During the holiday season in 2020, WildlifeDirect continued to bring to Kenyan viewers wildlife documentaries into their homes. The films aired every Sunday at 5:30 PM EAT via Citizen TV. The films aired focused on giraffes, the African Penguin - the only penguin species found in the continent, the life journey of elephants in Botswana, wildlife in Namibia, and how predators have formed special skills that allow them to take on everything from a buffalo to a baby elephant.
In November, viewers had the pleasure of being taken on a journey through the wilderness of Southern Africa and the Indian and Atlantic Oceans discovering more about desert landscapes, lions interacting with elephants, how zebras and ostriches survive in the desert and the world of sharks. The documentaries showcased the tactics it takes to survive in the harsh deserts of Kalahari and Namib.
Sundays at 5:30 PM EAT on Kenya’s popular broadcasting channel Citizen TV are always anticipated by viewers across the country. The My Wild Africa series by WildlifeDirect and Wildlife Warriors TV brings high-quality wildlife documentaries produced in Africa. In October, Kenyans followed the lives of cheetahs in training to be ambassador animals of their species in the second season of cheetah diaries.
Every Sunday at 5:30 PM EAT on Citizen TV, Kenyans get to see stories and learn about African Wildlife through the My Wild Africa series. In September, Kenyans were introduced to the Western Lowland Gorillas and the gentle giants of Angola.
My Wild Africa series continues to air every Sunday at 5:30 EAT on Citizen TV showcasing wildlife documentaries filmed in Africa. In August, viewers had an opportunity to learn about the African cats including the fastest land animal featured in the Cheetah Diaries. This series chronicles the lives of cheetahs, serval cats and caracals at the Cheetah Outreach Centre located just outside Cape Town, South Africa.
In July, three wildlife films have been screened showcasing African wildlife. Elephants, chameleons, hippos, leopards, birds, squirrels, Vervet monkeys, and even baboons, have graced the screens of Kenyans while they are at home.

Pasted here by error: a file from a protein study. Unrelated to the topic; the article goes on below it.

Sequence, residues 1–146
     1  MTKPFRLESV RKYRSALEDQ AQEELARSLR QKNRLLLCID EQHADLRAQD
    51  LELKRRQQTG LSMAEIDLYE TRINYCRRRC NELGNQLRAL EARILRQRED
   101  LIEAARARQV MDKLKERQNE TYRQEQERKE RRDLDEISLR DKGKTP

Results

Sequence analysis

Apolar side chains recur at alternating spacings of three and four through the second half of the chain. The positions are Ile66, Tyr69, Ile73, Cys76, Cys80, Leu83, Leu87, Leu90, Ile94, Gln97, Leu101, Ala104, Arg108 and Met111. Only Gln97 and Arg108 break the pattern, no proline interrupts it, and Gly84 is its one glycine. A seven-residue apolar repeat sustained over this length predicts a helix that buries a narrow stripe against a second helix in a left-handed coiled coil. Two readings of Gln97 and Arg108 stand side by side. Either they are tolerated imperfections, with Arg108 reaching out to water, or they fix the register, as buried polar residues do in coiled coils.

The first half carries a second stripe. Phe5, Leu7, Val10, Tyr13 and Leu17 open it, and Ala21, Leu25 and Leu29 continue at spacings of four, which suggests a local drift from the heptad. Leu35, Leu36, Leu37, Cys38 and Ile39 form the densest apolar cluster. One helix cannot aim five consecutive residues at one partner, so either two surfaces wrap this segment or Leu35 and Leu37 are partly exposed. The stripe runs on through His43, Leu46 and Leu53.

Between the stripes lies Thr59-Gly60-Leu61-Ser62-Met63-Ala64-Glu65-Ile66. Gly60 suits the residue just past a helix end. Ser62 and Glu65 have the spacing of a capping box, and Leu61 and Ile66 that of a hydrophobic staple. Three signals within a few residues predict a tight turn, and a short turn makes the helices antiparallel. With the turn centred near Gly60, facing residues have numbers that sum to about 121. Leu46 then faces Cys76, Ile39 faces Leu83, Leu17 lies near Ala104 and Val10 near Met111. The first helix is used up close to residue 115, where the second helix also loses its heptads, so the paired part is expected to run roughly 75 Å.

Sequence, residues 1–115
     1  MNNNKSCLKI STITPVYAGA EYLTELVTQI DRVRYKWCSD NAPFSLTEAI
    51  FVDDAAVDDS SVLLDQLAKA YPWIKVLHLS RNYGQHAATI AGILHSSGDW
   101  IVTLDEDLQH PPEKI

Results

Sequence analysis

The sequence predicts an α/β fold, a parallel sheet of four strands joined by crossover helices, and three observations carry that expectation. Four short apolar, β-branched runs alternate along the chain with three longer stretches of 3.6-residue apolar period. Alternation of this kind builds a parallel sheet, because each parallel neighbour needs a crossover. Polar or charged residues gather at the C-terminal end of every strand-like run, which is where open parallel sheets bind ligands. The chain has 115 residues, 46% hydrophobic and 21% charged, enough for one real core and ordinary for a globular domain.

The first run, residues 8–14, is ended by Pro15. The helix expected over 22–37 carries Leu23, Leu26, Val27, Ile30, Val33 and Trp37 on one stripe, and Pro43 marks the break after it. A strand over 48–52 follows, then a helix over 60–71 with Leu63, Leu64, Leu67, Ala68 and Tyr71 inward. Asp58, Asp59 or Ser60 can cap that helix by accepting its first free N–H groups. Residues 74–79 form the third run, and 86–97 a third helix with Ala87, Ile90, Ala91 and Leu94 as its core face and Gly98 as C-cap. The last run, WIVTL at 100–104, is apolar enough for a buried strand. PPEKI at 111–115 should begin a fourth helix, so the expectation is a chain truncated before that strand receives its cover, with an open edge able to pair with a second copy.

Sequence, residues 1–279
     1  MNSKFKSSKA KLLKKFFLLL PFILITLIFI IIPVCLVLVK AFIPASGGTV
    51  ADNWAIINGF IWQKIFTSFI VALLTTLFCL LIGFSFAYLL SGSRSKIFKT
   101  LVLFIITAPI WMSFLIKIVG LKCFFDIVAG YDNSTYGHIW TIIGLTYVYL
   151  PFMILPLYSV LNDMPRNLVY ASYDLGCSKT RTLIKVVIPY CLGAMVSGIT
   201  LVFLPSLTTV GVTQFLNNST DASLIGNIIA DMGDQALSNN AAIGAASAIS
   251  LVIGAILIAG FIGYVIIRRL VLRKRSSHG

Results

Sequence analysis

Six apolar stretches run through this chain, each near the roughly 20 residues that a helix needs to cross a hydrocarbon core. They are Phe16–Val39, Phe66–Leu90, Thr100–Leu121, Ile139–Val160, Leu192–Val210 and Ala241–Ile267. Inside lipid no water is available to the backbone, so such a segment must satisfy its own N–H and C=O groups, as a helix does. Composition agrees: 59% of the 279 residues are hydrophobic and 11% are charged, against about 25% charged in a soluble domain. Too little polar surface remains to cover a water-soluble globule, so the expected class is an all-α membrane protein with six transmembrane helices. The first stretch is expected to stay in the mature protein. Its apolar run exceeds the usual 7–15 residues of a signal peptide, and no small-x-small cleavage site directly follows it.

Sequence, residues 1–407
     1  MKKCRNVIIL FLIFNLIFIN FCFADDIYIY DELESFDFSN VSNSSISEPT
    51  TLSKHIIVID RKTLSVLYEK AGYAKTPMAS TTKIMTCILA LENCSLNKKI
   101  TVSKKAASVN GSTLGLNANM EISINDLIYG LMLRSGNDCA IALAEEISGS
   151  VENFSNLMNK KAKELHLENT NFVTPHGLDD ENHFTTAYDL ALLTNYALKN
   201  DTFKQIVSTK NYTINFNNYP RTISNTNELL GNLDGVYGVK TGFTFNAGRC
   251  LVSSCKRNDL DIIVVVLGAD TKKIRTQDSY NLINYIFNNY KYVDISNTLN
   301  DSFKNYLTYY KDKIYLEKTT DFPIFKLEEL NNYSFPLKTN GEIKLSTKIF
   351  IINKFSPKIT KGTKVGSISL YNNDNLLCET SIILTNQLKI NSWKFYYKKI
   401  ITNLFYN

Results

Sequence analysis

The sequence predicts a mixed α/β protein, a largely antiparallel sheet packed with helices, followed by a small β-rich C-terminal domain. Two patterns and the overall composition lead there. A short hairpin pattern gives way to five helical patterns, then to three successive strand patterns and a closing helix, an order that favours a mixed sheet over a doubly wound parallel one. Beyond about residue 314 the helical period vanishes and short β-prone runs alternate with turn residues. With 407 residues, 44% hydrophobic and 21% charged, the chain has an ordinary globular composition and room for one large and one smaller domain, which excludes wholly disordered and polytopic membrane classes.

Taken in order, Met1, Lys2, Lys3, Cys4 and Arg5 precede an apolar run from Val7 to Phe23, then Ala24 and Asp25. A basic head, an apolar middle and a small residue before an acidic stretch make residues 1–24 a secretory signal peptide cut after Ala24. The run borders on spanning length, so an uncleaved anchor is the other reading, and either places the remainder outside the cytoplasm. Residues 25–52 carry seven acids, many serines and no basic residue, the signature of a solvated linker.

In June, we screened the Kalahari Meerkats, an extraordinary series that follows the real-life story of a family of Meerkats known as the Gosa Gang, their passions, their loves and loses, and the secret to their survival in the harsh Kalahari Desert.
In May, WildlifeDirect announced a partnership with Citizen TV Kenya and launched a series of captivating stories from across Africa. My Wild Africa brings to Kenyans high-quality wildlife documentary series every week on Sunday at 5:30 pm EAT.
The presence of green spaces in urban areas offers an area for physical activity and relaxation while filtering noise and dust. With urban forests, oxygen produced by trees filter out harmful air pollution and enhance water distribution into lakes and ponds which moderate temperatures within the city.
It was, therefore, a real shock and surprise to hear that in one of Kenya’s jewels of its protected areas which is under direct KWS protection, Hell’s Gate National Park, an area of outstanding natural beauty and a key breeding site for globally Critically Endangered species, that an event of extremely high disturbance and impact, the Koroga Music Festival, was being organised and supported by KWS!